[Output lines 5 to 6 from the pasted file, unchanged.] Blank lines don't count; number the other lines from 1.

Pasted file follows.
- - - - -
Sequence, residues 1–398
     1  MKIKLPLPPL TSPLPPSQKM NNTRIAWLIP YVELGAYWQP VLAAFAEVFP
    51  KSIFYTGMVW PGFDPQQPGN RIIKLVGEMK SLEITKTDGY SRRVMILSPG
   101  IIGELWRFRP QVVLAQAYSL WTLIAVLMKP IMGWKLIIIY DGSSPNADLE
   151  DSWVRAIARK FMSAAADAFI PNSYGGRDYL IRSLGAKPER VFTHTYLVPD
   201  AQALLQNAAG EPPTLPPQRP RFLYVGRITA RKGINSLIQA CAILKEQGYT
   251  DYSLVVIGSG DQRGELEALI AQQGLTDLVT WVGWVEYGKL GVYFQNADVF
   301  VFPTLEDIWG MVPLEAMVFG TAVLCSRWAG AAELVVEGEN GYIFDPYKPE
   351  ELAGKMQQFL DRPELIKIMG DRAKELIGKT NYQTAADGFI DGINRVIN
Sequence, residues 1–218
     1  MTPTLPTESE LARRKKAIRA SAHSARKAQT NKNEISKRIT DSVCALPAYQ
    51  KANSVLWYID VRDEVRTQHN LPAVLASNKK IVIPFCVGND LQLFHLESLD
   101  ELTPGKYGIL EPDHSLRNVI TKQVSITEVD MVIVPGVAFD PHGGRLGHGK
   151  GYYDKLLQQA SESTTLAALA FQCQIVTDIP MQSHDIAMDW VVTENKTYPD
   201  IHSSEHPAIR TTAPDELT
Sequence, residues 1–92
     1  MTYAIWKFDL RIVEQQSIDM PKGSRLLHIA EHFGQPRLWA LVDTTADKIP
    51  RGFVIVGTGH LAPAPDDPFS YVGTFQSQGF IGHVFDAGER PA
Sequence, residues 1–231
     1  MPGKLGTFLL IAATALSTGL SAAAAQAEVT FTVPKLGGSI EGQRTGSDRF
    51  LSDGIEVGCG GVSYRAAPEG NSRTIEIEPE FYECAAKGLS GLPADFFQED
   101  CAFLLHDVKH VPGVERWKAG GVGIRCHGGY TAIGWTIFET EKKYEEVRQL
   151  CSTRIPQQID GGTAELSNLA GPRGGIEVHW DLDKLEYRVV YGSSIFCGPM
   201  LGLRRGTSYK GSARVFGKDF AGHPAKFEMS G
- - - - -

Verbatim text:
   151  DSWVRAIARK FMSAAADAFI PNSYGGRDYL IRSLGAKPER VFTHTYLVPD
   201  AQALLQNAAG EPPTLPPQRP RFLYVGRITA RKGINSLIQA CAILKEQGYT